October 2, 2002: Sniper attacks in Washington

Ten people died and three were critically wounded in a series of sniper attacks that began on October 2, 2002 and went on for three weeks.

Living through one terrorist attack is bad enough: imagine three weeks of them.

WASHINGTON, DC — In the late 1970s the US company Heinz came out with a commercial set to the Carly Simon song ‘Anticipation’. The ketchup it was seeking to promote was thick and came out of the bottle slowly, but was so good it was worth waiting for. Or so they said.

Anticipation can be a good thing, or a bad thing. As we continue to live through COVID-19 the daily wait to see how many new cases is excruciating as is the uncertainty over when the pandemic will subside and we can all get back to ‘normal’.

Imagine, then, a series of attacks that appear to be completely random and are occurring against unpredictable targets in unpredictable cities. This is what terrorised Washington, DC beginning on this day in 2002 and continuing for three weeks.

An apparent sniper shot people in very ordinary situations: putting gas in a car, working behind a store counter, arriving at school, etc. In all, ten victims died from their wounds and another three were critically injured.

Finally, on October 24 two men found sleeping in a car off an interstate highway were arrested and charged with weapons offences. John Allen Muhammad, 41, and Lee Boyd Malvo, were discovered to be the ones behind the shootings. One drove the car while the other shot from a modified trunk accessible from the back seat.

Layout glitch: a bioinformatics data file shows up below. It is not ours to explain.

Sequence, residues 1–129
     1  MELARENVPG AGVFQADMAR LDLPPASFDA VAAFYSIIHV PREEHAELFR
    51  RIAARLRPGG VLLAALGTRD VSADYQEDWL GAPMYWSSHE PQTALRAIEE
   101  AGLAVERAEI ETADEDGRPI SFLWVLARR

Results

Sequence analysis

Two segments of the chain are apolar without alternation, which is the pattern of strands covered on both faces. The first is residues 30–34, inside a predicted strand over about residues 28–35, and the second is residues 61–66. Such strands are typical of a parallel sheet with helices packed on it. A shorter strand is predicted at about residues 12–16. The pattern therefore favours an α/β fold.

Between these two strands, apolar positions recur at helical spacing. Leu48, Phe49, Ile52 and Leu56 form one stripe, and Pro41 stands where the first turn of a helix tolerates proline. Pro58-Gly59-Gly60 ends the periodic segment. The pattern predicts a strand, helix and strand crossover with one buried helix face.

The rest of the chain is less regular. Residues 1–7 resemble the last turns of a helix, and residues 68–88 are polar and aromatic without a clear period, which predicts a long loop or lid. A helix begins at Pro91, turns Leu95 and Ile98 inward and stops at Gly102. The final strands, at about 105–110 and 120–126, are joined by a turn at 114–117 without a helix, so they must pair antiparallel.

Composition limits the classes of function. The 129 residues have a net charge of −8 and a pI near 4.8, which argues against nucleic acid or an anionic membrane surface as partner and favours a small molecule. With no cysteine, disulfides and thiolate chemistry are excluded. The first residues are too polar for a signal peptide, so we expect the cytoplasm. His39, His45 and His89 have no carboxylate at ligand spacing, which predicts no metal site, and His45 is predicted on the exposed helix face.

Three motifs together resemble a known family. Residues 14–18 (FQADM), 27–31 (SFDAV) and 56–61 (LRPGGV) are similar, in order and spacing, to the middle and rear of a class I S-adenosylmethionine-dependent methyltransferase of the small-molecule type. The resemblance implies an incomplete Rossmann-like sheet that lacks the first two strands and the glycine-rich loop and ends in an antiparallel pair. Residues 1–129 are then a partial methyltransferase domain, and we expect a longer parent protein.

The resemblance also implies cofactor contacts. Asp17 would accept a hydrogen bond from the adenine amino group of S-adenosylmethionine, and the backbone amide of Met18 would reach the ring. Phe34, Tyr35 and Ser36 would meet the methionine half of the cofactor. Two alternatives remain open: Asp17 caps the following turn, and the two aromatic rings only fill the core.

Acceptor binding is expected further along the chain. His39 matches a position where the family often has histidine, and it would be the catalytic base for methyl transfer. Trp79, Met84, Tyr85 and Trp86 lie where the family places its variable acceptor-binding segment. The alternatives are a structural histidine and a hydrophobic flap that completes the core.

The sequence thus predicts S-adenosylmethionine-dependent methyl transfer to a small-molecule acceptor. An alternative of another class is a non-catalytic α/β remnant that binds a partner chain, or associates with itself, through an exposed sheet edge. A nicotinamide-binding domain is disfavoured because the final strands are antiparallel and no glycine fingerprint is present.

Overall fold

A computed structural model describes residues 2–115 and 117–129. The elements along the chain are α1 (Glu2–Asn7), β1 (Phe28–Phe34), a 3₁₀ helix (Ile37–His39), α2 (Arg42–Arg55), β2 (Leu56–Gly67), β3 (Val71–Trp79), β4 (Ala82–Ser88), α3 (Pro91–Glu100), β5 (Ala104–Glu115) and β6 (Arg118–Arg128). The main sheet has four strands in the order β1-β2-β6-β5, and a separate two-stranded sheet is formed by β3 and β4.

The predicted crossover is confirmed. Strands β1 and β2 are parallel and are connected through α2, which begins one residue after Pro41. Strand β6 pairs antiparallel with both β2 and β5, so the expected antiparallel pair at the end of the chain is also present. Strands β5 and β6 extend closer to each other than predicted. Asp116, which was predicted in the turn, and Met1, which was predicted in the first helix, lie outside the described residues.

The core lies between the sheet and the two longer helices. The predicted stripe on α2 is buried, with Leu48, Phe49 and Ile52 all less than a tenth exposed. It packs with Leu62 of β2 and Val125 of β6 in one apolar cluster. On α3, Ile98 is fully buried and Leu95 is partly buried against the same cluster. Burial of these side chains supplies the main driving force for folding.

Muhammad, with his sniper team partner, Malvo, randomly selected innocent victims. With calculation, extensive planning, premeditation and ruthless disregard for life, Muhammad carried out his cruel scheme of terror.

Virginia Supreme Court Justice Donald Lemons

Muhammad was executed by lethal injection on November 10, 2009. Malvo is serving multiple life sentences in a supermax in Virginia. A motive was never conclusively determined: Muhammad’s jail cell statements about Al Qaeda and jihad were dismissed as post facto ravings.

The attacks were as cheap as one can do (the gun was stolen and aside from gas for the car there were no significant costs). On the other hand the damage to the DC area economy was probably incalculable (cancelled reservations, frightened tourists, etc.). All in all a reminder that terrorism is not usually an expensive act.

By Phil Gurski

Phil Gurski is the President and CEO of Borealis Threat and Risk Consulting Ltd. Phil is a 32-year veteran of CSE and CSIS and the author of six books on terrorism.

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